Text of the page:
Voyage to the Bottom of the Sea (1961)

When it’s on: Thursday, 31 August (11.00 am)
Channel: Film4
IMDb Link

Race from outer space to seven miles below the sea … with amazing aquanauts of the deep!

Anyone who thinks that movies about freak weather conditions are a recent phenomenon has clearly forgotten the work of Irwin Allen, the disaster flick connoisseur who at the turn of the 1960s was busy serving up Voyage to the Bottom of the Sea, a science fantasy that revolves around an environmental disaster. Sure, you could pick up any number of elements contained in the film and hold them up for ridicule. Things take place that simply couldn’t (sinking chunks of ice!) happen, but cinema’s sense of licence back then occurs still, as Dara O Briain’s expert deconstruction of the ‘science’ behind 2012 demonstrates. These were just more innocent times, with the movies to match, and personally I have a lot of affection for this sort of caper. It’s gloriously silly. Allen, in conjunction with veteran screen writer Charles Bennett, throws just about every cliche he can dream of at the screen. This means that alongside the tense submarine drama there are collisions with giant octopuses and our heroes drifting into minefields, which presumably had been carelessly left in the middle of the ocean at some point, and yet it’s a lot of fun. I don’t see much wrong with that.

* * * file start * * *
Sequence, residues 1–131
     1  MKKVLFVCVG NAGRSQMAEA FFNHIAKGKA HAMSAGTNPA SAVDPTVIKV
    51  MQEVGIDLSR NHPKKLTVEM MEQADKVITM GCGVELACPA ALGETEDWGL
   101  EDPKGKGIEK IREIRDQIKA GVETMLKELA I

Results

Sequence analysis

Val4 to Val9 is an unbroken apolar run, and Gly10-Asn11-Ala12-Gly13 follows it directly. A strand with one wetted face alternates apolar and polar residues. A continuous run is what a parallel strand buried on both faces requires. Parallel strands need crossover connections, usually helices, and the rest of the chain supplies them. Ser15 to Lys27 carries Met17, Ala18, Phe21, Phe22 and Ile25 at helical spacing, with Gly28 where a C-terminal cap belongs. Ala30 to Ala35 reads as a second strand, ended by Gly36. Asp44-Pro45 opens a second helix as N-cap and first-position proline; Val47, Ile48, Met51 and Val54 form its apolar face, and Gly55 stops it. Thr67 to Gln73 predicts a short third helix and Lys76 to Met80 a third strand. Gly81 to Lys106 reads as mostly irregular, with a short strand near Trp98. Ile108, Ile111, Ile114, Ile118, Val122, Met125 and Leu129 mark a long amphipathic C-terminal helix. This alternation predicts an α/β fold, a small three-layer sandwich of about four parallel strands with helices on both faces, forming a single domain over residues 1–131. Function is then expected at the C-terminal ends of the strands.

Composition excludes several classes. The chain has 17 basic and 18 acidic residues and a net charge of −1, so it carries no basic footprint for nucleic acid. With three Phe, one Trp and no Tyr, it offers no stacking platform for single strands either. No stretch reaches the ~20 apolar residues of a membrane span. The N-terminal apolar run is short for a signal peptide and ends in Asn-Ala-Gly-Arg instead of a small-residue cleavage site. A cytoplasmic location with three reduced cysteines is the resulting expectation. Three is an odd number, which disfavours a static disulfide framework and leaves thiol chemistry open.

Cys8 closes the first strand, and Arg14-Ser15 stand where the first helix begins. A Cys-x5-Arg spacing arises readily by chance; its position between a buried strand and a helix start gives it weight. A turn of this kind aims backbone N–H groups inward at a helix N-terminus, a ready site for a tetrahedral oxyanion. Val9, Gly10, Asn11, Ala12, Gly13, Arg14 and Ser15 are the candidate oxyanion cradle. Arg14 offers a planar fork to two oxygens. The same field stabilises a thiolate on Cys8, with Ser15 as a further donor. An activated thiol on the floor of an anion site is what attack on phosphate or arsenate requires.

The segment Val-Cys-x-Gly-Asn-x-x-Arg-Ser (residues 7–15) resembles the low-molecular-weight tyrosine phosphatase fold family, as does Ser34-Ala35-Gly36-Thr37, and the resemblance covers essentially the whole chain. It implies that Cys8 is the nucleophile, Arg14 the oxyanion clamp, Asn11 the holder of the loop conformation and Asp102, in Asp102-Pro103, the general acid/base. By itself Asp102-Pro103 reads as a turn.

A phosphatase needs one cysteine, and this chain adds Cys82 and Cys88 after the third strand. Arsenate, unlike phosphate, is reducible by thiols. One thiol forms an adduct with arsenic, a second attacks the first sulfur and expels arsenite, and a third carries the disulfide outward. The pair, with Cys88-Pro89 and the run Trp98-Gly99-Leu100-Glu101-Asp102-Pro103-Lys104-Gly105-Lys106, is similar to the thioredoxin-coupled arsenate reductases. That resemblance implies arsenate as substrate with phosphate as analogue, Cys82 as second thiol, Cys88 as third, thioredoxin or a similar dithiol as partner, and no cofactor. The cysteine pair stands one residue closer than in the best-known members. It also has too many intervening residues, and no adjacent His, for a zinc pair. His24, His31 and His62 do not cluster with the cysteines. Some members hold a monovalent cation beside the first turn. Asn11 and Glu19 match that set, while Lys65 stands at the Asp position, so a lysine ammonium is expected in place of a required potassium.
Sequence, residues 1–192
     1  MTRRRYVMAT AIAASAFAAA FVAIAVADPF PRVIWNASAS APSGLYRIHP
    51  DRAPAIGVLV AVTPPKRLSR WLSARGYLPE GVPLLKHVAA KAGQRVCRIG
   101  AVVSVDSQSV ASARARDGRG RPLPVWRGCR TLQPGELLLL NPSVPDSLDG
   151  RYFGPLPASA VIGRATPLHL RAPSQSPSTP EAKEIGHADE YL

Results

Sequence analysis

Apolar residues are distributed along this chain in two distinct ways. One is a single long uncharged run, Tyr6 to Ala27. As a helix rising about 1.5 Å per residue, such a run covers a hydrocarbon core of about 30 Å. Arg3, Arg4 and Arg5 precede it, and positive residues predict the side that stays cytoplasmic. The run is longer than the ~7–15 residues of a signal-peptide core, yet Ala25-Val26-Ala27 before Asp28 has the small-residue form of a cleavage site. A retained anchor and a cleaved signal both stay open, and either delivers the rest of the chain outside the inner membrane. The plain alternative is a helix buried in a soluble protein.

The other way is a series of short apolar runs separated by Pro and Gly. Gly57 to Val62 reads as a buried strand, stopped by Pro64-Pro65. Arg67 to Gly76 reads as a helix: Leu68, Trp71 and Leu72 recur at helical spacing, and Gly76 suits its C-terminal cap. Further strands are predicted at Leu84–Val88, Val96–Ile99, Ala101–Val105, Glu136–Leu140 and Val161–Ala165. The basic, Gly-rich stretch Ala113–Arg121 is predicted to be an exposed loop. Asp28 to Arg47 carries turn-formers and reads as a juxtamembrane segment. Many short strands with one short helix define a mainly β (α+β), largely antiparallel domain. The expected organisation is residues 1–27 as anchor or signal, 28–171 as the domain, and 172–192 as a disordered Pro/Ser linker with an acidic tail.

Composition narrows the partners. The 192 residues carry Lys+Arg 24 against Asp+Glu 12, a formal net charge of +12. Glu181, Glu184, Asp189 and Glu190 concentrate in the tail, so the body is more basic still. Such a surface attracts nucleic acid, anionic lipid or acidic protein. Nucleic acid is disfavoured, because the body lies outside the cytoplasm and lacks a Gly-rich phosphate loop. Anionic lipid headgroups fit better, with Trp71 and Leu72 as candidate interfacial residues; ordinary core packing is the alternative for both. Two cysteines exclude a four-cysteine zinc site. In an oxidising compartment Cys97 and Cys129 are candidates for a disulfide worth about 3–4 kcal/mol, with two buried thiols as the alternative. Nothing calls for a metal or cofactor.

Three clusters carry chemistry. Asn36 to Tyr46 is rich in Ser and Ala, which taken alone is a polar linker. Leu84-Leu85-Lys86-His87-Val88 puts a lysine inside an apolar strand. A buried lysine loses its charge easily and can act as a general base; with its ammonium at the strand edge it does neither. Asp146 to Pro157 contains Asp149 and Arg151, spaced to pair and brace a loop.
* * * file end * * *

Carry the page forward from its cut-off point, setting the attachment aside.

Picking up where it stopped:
Voyage to the Bottom of the Sea opens with a title song from Frankie Avalon, the Billboard sensation who also takes a supporting role in the film. Admiral Nelson (Walter Pidgeon) has built a state of the art nuclear submarine, the Seaview, which he is testing in the Arctic Ocean. His captain, Lee Crane (Robert Sterling) is showing a team of visiting delegates around the vessel, including Joan Fontaine as Susan Hiller, a psychologist who wants to review the mental effects of working on a submarine among the crew. Disaster strikes with the revelation that the Van Allen radiation belt circling the earth has been hit by meteors, setting it on fire and heating up the planet. The United Nations boffins, led by Henry Daniell’s German (obviously) physicist, believe the skies will return to normal once it’s burned itself out, but Nelson thinks this is folly and only a hit from one of the Seaview’s atomic bombs, delivered at a precise time and location, can save the world from destruction. Discredited and hounded out of the UN, Nelson guides his submarine towards its date with destiny, pursued by the authorities, which now consider him to be a dangerous renegade, as the crew similarly begins to doubt him.